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Winter Microclimated of Importance to Alaskan Small Mammals and Birds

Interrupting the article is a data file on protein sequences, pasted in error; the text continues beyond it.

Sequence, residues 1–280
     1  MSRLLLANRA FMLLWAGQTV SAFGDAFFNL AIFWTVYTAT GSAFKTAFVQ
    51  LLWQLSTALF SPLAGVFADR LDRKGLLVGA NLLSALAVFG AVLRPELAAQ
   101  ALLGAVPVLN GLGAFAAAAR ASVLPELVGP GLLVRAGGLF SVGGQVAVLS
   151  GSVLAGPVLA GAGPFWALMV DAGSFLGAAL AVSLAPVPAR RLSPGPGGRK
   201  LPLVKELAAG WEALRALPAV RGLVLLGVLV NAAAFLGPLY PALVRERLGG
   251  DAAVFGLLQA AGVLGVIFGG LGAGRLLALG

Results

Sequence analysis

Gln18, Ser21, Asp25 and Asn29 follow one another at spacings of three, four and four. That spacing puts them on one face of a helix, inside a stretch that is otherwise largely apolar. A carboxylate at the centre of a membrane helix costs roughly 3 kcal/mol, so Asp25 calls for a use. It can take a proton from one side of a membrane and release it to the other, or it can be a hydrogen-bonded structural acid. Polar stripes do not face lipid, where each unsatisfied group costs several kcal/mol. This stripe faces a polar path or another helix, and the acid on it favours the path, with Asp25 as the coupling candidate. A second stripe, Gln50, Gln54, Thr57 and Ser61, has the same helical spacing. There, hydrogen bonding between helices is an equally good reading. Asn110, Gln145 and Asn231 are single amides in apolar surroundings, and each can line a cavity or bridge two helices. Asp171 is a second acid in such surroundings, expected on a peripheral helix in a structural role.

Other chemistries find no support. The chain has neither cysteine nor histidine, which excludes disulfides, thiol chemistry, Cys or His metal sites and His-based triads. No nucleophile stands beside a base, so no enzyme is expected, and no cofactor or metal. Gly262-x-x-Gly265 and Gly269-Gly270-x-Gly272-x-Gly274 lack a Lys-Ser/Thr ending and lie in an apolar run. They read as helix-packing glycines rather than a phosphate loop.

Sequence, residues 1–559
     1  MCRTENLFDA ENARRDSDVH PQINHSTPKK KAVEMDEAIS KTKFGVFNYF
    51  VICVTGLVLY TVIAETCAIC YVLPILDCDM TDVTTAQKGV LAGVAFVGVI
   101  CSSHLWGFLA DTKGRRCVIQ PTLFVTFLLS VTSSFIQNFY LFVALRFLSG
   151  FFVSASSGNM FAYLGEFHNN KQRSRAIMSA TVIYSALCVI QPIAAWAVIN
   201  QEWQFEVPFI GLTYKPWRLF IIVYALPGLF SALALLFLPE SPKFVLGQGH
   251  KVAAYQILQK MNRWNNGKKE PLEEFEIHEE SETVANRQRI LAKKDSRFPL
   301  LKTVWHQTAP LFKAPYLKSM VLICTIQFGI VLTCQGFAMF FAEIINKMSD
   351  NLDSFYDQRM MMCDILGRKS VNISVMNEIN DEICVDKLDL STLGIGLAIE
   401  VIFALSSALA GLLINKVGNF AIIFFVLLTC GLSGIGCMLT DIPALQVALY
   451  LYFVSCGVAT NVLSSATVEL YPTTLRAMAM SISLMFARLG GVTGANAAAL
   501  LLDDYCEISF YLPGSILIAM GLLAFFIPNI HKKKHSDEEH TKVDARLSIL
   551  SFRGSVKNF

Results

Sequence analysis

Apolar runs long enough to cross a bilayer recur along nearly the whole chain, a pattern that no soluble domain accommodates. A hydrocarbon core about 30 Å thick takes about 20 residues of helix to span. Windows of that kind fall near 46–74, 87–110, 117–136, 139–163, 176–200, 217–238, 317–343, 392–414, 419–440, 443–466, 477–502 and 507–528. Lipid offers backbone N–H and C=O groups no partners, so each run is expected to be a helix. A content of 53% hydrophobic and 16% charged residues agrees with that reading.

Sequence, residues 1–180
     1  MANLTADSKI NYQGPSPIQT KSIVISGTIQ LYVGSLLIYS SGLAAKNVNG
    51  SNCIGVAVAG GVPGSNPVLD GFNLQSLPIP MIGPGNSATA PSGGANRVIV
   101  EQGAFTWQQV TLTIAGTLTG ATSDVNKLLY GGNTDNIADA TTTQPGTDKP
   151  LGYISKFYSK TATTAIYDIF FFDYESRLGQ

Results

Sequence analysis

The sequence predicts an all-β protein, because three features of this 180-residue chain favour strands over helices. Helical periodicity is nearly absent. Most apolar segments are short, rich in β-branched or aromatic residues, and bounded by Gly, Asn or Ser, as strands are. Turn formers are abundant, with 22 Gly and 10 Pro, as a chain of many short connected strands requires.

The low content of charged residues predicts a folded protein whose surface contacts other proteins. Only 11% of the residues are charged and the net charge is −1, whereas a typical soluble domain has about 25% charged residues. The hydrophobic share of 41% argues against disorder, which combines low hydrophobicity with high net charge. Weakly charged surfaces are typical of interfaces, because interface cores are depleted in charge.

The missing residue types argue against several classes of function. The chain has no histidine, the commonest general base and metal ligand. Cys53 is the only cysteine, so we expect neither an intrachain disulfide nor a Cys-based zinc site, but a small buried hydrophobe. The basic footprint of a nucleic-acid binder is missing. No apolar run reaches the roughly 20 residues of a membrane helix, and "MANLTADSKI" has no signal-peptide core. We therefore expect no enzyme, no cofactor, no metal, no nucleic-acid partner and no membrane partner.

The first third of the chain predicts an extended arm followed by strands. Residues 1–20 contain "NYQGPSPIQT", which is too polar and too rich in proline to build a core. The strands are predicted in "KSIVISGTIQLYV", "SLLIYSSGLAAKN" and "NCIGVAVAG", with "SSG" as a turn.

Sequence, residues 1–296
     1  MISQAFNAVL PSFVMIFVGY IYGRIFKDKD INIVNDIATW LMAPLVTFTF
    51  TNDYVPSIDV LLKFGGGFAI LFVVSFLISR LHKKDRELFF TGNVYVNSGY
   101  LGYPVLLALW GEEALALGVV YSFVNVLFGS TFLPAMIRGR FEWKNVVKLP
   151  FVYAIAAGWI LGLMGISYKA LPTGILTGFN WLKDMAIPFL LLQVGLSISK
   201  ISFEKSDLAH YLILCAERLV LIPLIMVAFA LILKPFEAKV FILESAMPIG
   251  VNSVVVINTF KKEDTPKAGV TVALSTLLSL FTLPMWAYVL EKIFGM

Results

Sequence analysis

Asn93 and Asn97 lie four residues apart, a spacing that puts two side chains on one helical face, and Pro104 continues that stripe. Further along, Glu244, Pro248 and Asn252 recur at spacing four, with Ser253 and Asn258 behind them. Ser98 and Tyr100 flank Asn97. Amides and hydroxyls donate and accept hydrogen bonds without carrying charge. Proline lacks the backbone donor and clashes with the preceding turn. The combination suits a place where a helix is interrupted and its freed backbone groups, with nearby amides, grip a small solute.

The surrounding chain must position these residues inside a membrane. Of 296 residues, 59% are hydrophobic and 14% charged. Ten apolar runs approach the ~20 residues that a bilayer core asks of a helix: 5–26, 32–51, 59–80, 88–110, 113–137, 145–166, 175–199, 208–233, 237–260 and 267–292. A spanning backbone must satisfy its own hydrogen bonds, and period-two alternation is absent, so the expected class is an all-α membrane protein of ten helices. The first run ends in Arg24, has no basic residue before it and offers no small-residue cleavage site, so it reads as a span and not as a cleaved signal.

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Winter microclimatic conditions at areas in the continental interior of Alaska, and at areas on the Arctic Slope of Alaska were measured and observed during the 1950-1951 and 1951-1952 winter periods. Concurrent with the determinations of conditions of the physical environment, observations were made concerning animal activity and the biotic environment. The animals chiefly studied were the small mammals: Clethrionomys rutilus, Microtus oeconomus, Tamiasciurus hudsonicus, Mustela erminea, Sorex cinereus, and Lepus americanus; and the birds: Acanthis sp., Parus atricapillus, Corvus corax, and Pedioecetes phasianellus. An attempt was made to determine the response of these animals to conditions in the several zones during the principal microclimatic states and events. In general, the animals of all zones avoided the most severe conditions of the coldest zones. The subnivean small mammals were dependent for survival upon the continuous existence of the warm subnivean microclimates. The small birds at times fed on seeds on the cold snow surface when it had temperatures of -60 to -70 deg F. Relatively warm and cold microclimatic zones were also found at areas on the Arctic Slope and on the Arctic Coast.



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